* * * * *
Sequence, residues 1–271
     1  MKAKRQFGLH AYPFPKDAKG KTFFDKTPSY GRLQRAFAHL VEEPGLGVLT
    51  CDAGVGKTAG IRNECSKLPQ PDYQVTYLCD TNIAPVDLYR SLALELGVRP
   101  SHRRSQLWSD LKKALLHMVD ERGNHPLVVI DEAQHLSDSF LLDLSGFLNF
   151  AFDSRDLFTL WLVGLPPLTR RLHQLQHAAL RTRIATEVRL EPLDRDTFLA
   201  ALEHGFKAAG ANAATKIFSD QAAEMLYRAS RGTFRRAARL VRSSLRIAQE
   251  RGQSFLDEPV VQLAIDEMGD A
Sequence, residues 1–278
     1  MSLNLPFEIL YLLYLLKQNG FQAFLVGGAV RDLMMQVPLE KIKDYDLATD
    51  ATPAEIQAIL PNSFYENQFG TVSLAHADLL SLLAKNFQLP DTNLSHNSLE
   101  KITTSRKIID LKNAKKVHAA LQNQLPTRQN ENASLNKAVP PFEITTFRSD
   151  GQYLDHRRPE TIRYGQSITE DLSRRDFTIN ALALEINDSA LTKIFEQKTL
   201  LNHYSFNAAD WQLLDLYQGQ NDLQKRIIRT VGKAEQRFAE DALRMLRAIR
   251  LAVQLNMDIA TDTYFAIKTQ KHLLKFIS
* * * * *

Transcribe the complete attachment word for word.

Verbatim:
Sequence, residues 1–271
     1  MKAKRQFGLH AYPFPKDAKG KTFFDKTPSY GRLQRAFAHL VEEPGLGVLT
    51  CDAGVGKTAG IRNECSKLPQ PDYQVTYLCD TNIAPVDLYR SLALELGVRP
   101  SHRRSQLWSD LKKALLHMVD ERGNHPLVVI DEAQHLSDSF LLDLSGFLNF
   151  AFDSRDLFTL WLVGLPPLTR RLHQLQHAAL RTRIATEVRL EPLDRDTFLA
   201  ALEHGFKAAG ANAATKIFSD QAAEMLYRAS RGTFRRAARL VRSSLRIAQE
   251  RGQSFLDEPV VQLAIDEMGD A
Sequence, residues 1–278
     1  MSLNLPFEIL YLLYLLKQNG FQAFLVGGAV RDLMMQVPLE KIKDYDLATD
    51  ATPAEIQAIL PNSFYENQFG TVSLAHADLL SLLAKNFQLP DTNLSHNSLE
   101  KITTSRKIID LKNAKKVHAA LQNQLPTRQN ENASLNKAVP PFEITTFRSD
   151  GQYLDHRRPE TIRYGQSITE DLSRRDFTIN ALALEINDSA LTKIFEQKTL
   201  LNHYSFNAAD WQLLDLYQGQ NDLQKRIIRT VGKAEQRFAE DALRMLRAIR
   251  LAVQLNMDIA TDTYFAIKTQ KHLLKFIS